San Francisco - A Map of Perception cover

FLORENCE - A MAP OF PERCEPTIONS

Andrea Ponsi, University of Virginia Press, Charlottesville, 2011

Many years have passed since architect Andrea Ponsi settled in Florence, and still he feels he does not fully comprehend this mysterious city. The way Florence eludes understanding, however, can be an opportunity--to keep seeking, to keep exploring. Ponsi’s Florence is endlessly suggestive. His tour of the city is one of continually shifting light and perspective, of stunning symmetry and an even more compelling asymmetry, of sudden transitions from bustling streets to the most perfect silence.

While Ponsi does consider such celebrated sites as the Piazza Santa Croce, the Ponte Vecchio, and the Duomo, the book is a decidedly personal view of Florence. The author notes the city’s recurring geometry--the square courtyards, triangular spires, octagonal plaques and pillars--and marvels at a room almost too big to be called a room. He views the city from various terraces and likens the expanse of rising and falling rooftops to ocean waves.Here is Florence as labyrinth, possessing a medieval density that is relieved only by the sudden views of sky framed by its piazzas. Ponsi shows us a six-street intersection and ponders the abundance of acute angles, both indoors and out, in this city of infinite corners.

In Florence, humans and buildings commingle. The author equates haircuts and changes of clothes with fresh coats of paint and re-shingling jobs, and contemplates the way a human hand, feeling its way down a city block, adds to the patina of a stucco wall. Ponsi sees the city itself as a living body, through whose veins its inhabitants course.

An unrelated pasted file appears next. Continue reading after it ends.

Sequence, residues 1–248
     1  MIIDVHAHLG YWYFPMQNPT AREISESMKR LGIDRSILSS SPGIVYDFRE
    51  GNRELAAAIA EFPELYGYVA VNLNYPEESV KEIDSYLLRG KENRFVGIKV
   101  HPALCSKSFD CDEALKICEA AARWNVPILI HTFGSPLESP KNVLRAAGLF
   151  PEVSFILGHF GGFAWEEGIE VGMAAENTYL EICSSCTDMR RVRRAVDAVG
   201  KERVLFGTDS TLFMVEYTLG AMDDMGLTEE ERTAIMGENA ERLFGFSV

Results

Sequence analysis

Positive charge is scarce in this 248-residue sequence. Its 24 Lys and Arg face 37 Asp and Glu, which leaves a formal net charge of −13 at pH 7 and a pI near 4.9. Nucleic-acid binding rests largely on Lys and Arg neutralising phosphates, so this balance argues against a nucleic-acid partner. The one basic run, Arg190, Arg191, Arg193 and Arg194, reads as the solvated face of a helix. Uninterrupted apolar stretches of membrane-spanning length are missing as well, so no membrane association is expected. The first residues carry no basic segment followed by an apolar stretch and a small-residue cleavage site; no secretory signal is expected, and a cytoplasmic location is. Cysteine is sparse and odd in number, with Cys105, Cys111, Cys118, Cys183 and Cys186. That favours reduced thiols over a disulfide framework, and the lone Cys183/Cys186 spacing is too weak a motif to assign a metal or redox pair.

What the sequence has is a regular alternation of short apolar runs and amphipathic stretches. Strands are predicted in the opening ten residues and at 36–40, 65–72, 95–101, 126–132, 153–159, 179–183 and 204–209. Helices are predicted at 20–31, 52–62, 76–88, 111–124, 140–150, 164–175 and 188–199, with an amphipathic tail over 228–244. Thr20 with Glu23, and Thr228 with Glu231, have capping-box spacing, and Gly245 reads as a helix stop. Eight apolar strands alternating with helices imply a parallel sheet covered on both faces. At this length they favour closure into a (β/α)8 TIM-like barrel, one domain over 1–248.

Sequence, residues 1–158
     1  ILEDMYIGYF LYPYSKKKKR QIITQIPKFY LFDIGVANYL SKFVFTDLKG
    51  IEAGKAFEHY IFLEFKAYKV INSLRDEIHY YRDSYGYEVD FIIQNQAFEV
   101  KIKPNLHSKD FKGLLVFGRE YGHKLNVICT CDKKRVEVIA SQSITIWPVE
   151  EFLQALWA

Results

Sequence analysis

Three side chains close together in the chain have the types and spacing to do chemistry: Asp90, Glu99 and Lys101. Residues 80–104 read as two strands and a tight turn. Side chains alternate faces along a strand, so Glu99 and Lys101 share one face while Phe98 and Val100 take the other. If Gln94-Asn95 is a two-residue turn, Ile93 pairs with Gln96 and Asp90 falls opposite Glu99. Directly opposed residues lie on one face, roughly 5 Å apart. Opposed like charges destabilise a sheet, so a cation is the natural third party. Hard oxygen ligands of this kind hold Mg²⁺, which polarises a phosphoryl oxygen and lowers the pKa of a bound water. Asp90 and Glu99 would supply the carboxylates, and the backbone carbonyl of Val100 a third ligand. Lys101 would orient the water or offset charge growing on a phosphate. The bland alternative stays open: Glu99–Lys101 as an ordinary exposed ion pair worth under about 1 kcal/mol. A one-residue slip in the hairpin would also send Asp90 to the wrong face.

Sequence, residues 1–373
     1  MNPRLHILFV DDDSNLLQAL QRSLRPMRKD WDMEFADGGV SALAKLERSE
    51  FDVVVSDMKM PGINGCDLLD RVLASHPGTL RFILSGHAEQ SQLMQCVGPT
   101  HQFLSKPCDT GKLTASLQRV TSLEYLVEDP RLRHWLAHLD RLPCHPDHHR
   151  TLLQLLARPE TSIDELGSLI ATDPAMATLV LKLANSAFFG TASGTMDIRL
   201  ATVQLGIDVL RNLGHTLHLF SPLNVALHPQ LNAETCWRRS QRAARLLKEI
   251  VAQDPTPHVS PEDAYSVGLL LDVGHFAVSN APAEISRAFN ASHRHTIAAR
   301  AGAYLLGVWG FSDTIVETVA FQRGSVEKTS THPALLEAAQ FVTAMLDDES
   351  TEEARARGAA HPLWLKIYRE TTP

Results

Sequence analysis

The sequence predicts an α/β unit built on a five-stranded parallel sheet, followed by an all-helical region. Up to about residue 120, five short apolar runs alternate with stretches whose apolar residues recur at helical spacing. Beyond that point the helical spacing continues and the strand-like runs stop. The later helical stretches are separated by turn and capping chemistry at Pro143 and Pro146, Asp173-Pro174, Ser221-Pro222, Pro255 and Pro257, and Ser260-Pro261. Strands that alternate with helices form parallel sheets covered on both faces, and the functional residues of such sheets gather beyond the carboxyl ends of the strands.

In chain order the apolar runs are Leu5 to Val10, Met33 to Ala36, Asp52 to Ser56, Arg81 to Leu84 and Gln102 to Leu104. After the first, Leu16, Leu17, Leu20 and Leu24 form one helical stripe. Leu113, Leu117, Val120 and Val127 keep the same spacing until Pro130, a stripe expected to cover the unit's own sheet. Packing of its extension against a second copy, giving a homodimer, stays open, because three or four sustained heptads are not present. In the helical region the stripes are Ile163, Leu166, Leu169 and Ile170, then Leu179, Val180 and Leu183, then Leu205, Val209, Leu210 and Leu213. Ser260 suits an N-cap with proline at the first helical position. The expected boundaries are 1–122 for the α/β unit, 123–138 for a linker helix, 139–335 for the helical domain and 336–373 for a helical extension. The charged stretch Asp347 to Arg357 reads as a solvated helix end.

This is the way we dream an architect could speak to us, fully communicating his passion. The book’s elegant, concise prose--as well as its balance of the civic with the intensely personal--recalls the Calvino of Marcovaldo and Invisible Cities. The text is accompanied by Ponsi’s own spare but evocative watercolors and sketches, which, like his words, seek to behold rather than pin down. This lyrical tribute is as much an ode to the lost art of contemplation as it is to Florence--a city where every moment is different from every other moment.

Page on University of Virginia Press

REVIEWS:

Florence: A Map of Perceptions is the perfect walking companion to take on a stroll through Florence and is sure to please both long-time residents and new visitors to the city.
— theflorentine.net
For anyone who loves architecture and Italy... this is the perfect small gift. Ponsi is an architect who works in Florence and engages it as an artist. His sketches and watercolors enrich a personal account that addresses the historic monuments but, still more, the topography and textures of the city, its labyrinthine streets and Platonic geometries.
— Form: Pioneering Design
Reading Andrea Ponsi’s book about Florence is like taking a walk with a wise and sympathetic friend who knows just what to say to get you to see what he’s seeing. This is the most inviting and charming book about a city that I’ve read in ages.
— John Casey, National Book Award–winning author of Spartina

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